Thursday, May 30, 2024

Afghan Passport Labeled ‘Least Powerful’ in Henley Index

Immigration News

Saqalain Eqbal
Saqalain Eqbal
Saqalain Eqbal is an Online Editor for Khaama Press. He is a Law graduate from The American University of Afghanistan (AUAF).

With its citizens only being able to visit 27 countries without a visa, the Henley Passport Index, which is updated quarterly, has once more named an Afghan passport as “the least powerful passport” in the world.

The Henley passport index, which was released on October 17th, places the Japanese passport at the top of the list, allowing its citizens to enter 193 countries and regions without a visa or visa on arrival.

On the list of nations where it is possible to enter 192 countries without a visa or with one upon arrival, Singapore and South Korea are the next two countries, ranking second.

Other top-ranked countries include Germany, Spain, Finland, Italy, Luxembourg, Sweden, Austria, France, Portugal, Ireland, Belgium, New Zealand, Netherlands, Denmark, United Kingdom, Norway, and the United States of America, whose citizens can travel to more than 186 countries.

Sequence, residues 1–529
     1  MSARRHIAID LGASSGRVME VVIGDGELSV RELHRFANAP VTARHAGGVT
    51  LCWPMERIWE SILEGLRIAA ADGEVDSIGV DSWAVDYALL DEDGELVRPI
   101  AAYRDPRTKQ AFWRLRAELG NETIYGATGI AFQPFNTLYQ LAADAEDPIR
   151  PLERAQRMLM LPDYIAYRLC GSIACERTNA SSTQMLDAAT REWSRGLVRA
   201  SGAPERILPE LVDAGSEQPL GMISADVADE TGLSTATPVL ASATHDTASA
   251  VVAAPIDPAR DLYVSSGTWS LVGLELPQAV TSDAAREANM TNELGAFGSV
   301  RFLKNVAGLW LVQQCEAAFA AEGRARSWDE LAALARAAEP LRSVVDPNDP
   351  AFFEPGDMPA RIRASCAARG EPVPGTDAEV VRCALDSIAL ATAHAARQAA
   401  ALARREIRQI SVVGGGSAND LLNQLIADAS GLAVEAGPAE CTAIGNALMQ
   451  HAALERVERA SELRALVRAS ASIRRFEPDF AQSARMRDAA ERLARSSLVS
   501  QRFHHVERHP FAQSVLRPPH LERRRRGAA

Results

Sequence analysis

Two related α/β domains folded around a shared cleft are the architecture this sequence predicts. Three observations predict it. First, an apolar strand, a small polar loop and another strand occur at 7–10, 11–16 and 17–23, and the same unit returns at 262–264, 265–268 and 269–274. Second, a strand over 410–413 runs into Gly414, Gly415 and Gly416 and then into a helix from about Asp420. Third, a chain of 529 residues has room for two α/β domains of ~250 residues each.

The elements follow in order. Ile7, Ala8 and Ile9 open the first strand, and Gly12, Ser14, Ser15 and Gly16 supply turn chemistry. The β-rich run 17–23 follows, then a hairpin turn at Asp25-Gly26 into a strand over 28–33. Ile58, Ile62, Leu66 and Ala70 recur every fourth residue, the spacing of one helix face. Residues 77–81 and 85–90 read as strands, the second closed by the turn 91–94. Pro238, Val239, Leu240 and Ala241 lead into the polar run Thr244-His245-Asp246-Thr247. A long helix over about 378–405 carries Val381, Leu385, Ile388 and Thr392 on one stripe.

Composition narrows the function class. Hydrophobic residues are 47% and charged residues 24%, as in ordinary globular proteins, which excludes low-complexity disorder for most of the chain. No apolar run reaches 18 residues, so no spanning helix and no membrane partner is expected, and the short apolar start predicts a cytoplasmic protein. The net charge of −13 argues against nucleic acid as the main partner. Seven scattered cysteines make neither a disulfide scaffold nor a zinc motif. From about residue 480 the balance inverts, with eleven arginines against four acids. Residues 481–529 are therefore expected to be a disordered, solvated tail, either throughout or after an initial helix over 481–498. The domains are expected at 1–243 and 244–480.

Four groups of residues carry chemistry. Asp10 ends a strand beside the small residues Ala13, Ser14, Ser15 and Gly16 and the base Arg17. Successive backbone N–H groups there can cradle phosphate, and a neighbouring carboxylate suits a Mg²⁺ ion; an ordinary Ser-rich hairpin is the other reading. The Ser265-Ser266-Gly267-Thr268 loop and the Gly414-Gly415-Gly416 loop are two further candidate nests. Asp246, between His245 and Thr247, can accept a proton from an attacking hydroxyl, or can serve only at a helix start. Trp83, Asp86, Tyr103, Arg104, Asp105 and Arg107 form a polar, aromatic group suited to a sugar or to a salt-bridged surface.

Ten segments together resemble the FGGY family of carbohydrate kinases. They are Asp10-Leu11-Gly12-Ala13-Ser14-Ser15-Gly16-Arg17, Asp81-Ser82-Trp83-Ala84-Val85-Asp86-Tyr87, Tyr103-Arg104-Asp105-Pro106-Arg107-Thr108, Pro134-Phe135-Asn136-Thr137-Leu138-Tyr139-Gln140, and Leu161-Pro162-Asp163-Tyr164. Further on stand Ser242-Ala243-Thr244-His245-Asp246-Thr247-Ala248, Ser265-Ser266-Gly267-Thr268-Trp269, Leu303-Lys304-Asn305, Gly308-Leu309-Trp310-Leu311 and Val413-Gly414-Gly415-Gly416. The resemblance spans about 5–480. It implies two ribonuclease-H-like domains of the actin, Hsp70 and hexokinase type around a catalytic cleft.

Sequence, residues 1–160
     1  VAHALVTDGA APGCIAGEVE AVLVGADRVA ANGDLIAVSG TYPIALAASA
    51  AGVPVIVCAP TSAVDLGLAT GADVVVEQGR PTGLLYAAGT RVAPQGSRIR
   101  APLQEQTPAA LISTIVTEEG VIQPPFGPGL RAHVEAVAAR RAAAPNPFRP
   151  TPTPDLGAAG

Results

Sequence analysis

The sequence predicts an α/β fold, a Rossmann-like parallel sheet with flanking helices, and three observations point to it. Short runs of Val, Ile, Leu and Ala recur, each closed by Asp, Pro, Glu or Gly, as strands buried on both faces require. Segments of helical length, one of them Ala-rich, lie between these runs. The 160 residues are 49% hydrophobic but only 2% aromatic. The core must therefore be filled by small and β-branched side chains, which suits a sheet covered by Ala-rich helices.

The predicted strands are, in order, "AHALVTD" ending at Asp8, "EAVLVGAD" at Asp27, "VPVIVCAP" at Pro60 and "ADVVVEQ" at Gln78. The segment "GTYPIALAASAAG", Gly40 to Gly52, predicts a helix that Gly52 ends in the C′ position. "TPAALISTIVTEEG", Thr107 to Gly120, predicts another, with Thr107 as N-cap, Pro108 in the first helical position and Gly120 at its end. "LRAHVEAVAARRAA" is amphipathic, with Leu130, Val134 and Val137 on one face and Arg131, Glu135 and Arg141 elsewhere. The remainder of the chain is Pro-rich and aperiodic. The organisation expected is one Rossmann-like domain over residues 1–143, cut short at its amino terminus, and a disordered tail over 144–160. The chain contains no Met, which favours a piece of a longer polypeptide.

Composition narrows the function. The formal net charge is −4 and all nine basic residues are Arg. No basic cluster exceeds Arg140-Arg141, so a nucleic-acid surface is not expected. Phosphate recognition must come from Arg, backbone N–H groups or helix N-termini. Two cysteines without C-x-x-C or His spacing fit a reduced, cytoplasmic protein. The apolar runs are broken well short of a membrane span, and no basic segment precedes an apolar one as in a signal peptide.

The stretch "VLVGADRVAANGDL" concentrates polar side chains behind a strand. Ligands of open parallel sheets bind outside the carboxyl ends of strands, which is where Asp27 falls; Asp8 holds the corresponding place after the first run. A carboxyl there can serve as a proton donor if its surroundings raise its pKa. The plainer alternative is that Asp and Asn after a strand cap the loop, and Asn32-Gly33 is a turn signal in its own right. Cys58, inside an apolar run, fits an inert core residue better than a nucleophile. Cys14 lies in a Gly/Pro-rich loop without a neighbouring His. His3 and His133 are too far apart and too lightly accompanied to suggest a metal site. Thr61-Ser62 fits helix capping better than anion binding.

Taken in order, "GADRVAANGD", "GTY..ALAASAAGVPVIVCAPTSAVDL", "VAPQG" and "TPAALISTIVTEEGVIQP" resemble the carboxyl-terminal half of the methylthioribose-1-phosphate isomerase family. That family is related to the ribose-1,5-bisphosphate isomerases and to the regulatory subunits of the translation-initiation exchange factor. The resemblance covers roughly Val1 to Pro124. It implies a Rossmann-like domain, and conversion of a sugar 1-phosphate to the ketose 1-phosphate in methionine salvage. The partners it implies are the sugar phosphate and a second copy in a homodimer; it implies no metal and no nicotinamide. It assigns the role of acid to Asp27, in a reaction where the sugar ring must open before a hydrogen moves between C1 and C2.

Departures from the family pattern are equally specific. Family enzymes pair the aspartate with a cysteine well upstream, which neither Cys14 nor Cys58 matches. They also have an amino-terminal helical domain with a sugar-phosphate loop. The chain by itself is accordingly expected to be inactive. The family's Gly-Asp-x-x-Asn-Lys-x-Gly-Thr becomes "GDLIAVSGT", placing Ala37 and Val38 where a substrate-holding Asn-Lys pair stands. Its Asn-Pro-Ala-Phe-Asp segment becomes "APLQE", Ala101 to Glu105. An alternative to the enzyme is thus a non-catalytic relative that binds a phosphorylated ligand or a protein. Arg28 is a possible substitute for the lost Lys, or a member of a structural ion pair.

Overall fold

Afghan passports, which are at the bottom of the list as the weakest passports in the world, allow citizens to enter 27 countries and territories without a visa or with a visa upon arrival.

Afghanistan comes after Iraq, Syria, and Pakistan, which their passports allow the holders to visit 29, 30, and 32 countries respectively.

According to a former Afghan diplomat, Ghaws Janbaz, special points are taken into account when determining the rank.

“The attractiveness of a country and its people is actually reflected in its passport. Unfortunately, the passport of Afghanistan cannot have this beauty and attractiveness due to the specific situation that prevails in that country,” Janbaz said.

Afghan passports also received the lowest Henley Index ranking in the second quarter. Due to the Taliban’s rise to power and ties to Islamic extremist groups, many countries around the world now see the country as a threat.

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